Air Connectivity: A challenge, not an obstacle
Posted on August 5, 2012, Sunday
Industry sources speculated that it’s high time for Sarawak to have its own regional airline and the announcement is expected to be made some time soon towards year-end. But what if the decision falls apart? BizHive Weekly looks into ‘Plan B’ with suggestions and views from major industry players.
Cannon of SCB said the current air connectivity to Sarawak was not an obstacle for the bureau to hunt for more bids and to get more business events to come in. “It will only be a challenge for us but not a problem. Definitely it will be a plus point for us if Australia and more neighbouring countries have direct flight services into Sarawak,” he stressed.
“We anticipate growth still but we anticipate that we have to fight for it harder and we have to be more ingenious in the way we use our marketing arm to gain more business,” he added.
In terms of target market, Cannon pointed out that China and Australia should have direct flights to Sarawak. “We will have a large catchment area if the government will be able to pull this off for Sarawakians,” said Cannon.
Patrick Sim of Wah Tung, on the other hand, voiced out his concern on the air fares charges. “Comparatively, our hotels are cheap and we have all the high-tech facilities in place, but when it comes to air fares charges, we are at a disadvantage.
“International convention organisers will study the market and they will definitely come out with the most appropriate destination budget for the conference. The hassle for international business travellers is they need to transit from the main hub in KL before reaching Kuching,” said Sim.
Adding on to what Cannon said about China being a prime target market, Sim pointed out Shenzhen City in China was ideal because of its centralised location. “The city has flight connections all over the country and it will be an advantage for us.
“Tourism industry in the country does not really depend much on the national carrier – we are more dependent on other airlines that are flying through Singapore and Malaysia routes. In order to source them here, STB needs to have a really strong budget,” Sim highlighted.
‘Ex-airline man’ Datuk Rashid Khan of STB had a similar take on the airline industry but on a much more detailed scale, saying that, “In order to improve connectivity from our current airport, we need to go into ‘DNA’ level with marked improvements on the transit schedule.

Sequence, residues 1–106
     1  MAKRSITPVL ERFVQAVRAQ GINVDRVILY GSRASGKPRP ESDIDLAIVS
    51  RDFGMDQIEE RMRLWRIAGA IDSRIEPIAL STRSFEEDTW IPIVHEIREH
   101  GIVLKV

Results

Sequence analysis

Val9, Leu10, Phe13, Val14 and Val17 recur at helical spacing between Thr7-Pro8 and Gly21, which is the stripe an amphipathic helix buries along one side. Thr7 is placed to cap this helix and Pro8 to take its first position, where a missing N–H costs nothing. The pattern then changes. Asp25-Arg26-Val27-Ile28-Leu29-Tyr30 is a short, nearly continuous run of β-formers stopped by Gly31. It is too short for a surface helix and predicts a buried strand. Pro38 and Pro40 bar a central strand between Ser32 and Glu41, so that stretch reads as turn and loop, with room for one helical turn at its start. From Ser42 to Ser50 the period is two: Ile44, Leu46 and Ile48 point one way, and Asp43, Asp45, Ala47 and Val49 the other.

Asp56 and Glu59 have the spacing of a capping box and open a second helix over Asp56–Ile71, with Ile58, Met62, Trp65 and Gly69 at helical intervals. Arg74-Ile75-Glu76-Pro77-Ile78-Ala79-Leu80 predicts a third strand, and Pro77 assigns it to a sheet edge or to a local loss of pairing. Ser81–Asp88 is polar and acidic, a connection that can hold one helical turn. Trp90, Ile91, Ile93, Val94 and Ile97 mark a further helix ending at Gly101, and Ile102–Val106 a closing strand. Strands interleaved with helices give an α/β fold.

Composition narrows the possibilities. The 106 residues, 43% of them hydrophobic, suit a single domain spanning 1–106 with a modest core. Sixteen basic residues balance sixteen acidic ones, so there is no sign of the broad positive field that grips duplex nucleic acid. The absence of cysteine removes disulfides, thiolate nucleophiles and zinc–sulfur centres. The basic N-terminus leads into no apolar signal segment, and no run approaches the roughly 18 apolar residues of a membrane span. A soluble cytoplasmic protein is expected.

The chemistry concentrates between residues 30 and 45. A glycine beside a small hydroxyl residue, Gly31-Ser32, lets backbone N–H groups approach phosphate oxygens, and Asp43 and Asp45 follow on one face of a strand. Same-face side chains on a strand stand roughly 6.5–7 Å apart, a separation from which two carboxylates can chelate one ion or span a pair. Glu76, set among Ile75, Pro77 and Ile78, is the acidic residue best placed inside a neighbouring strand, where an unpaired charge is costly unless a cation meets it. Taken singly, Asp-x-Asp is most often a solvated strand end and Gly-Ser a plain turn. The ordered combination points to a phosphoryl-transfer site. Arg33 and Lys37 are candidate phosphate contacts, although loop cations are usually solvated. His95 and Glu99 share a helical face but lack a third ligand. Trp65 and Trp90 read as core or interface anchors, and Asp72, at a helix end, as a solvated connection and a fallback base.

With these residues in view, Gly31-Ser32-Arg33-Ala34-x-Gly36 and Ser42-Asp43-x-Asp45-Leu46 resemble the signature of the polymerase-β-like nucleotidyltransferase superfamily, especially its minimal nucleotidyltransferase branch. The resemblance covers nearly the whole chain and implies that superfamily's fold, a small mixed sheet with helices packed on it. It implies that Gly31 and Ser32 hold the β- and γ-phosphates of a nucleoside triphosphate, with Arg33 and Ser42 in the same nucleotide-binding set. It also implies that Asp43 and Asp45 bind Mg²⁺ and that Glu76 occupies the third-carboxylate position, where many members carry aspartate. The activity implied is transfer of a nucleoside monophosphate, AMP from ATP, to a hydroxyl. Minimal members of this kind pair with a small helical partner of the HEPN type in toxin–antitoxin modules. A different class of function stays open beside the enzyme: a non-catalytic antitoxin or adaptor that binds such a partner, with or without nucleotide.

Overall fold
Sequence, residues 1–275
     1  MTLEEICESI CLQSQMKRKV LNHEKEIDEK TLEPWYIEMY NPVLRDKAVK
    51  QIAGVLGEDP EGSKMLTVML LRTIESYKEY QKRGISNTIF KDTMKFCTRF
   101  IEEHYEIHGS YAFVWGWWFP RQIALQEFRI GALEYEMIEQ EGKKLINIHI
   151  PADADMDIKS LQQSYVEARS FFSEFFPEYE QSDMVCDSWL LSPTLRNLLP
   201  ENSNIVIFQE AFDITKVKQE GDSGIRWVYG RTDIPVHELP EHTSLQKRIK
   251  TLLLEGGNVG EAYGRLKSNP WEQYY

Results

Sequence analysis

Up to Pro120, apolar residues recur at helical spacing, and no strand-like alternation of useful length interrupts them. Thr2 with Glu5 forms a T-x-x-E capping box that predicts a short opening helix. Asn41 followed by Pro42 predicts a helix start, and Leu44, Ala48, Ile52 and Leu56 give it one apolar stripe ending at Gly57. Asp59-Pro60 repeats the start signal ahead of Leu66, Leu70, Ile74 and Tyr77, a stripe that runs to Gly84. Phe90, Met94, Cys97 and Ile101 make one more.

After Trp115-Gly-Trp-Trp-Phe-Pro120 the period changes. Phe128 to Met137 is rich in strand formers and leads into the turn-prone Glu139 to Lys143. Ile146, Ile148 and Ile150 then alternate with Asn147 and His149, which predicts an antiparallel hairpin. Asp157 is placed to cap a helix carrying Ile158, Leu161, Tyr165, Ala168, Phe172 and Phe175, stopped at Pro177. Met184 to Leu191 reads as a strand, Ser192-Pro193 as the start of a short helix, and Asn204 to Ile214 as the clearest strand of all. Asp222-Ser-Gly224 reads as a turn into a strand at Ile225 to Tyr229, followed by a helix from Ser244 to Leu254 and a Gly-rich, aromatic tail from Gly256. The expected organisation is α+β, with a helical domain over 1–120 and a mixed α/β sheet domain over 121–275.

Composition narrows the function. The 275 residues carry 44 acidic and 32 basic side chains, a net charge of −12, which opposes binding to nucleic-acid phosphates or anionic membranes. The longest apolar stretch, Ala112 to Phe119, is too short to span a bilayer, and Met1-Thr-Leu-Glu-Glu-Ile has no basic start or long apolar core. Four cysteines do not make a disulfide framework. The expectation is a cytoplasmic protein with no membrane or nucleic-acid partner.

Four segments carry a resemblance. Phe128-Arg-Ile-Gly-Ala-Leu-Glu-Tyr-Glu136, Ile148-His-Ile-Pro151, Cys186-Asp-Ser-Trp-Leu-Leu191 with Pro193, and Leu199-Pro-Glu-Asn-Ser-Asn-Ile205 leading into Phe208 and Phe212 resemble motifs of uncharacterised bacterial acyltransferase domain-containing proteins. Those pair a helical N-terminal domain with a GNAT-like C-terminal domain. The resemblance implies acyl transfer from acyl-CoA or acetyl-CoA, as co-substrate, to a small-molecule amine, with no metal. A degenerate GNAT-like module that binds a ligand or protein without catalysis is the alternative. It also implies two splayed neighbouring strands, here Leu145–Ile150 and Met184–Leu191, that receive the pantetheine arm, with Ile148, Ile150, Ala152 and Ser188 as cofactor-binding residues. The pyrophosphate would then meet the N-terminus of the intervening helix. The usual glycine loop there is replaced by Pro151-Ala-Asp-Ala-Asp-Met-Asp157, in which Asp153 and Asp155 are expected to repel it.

“We need to talk to the airlines if they can possibly improve on the schedule at KLIA and Singapore because we are dependent on that sort of connectivity,” he stressed.
He said the government should encourage more code sharing agreements with foreign airlines and improvement should be done on the global distribution system (GDS) of travel agents as part of the marketing strategy.
“Another plus point is for us to leverage on the liberal aviation policy because that is the Asean Roadmap for Integration of the Air Travel Sector. There will be no more restrictions, just like what Brunei-Indonesia-Malaysia-the Phillipines East Asean Growth Area (BIMP-EAGA) is doing at the moment,” he suggested.
Singapore’s liberal aviation policy of open skies had helped the country to grow as a key air hub in the Asia-Pacific region. This policy was based on its fundamental belief in free and open competition in Singapore’s aviation sector.
But the question that arises is, how commercially viable and visible it is for the operators?
Next on the cards would be to focus on charter operations during peak periods, as suggested by Khan. He pointed out that China had a lot of aircraft on the ground from 1900 hours to 0600 hours. “The tick of business is there, they can fly here after their operating hours and return back before they start their morning flights, making it to more profitable.”
“Then, we look at Malaysia airport incentive programmes for Sarawak terminal – free landing, parking and all the necessary steps. It becomes a whole air accessibility programme in terms of execution,” he concluded.
MASwings Sdn Bhd is the current regional airline in East Malaysia, operating the Rural Air Services (RAS) and serving the BIMP-EAGA routes. It has just kick-started its second phase of operations, seeing a new route from Kuching to Balikpapan scheduled to take off in October.
The regional airline currently owns 10 units of ATR72-500s and four HDC-6 Twin Otters. It will be adding another ATR72-500s in the next few months.
With all these suggestions and plans coming to fruition, moving forward Sarawak is well positioned to take advantage of the MICE industry and carve a niche for itself as a desired and preferred destination in the eyes of the global community.